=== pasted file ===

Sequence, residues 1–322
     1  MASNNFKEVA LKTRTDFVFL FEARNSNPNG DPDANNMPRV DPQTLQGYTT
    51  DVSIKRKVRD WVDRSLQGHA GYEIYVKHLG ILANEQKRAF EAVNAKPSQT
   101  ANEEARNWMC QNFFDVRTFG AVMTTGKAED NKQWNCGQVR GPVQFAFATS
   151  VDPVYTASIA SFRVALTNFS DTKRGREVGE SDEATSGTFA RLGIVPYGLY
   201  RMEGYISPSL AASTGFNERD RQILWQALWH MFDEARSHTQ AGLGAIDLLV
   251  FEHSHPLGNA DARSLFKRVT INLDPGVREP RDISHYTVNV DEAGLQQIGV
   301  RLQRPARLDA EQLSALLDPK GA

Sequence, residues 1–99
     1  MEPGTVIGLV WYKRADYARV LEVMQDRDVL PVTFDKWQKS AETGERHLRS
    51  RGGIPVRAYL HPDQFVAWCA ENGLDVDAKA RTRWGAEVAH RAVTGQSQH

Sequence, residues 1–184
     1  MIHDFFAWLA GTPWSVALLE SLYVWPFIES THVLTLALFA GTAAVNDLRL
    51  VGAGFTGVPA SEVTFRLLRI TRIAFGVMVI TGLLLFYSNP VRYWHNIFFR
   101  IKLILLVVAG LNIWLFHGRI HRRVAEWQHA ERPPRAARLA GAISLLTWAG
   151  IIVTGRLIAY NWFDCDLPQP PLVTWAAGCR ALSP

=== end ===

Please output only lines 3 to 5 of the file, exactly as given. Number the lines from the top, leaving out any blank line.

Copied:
    51  DVSIKRKVRD WVDRSLQGHA GYEIYVKHLG ILANEQKRAF EAVNAKPSQT
   101  ANEEARNWMC QNFFDVRTFG AVMTTGKAED NKQWNCGQVR GPVQFAFATS
   151  VDPVYTASIA SFRVALTNFS DTKRGREVGE SDEATSGTFA RLGIVPYGLY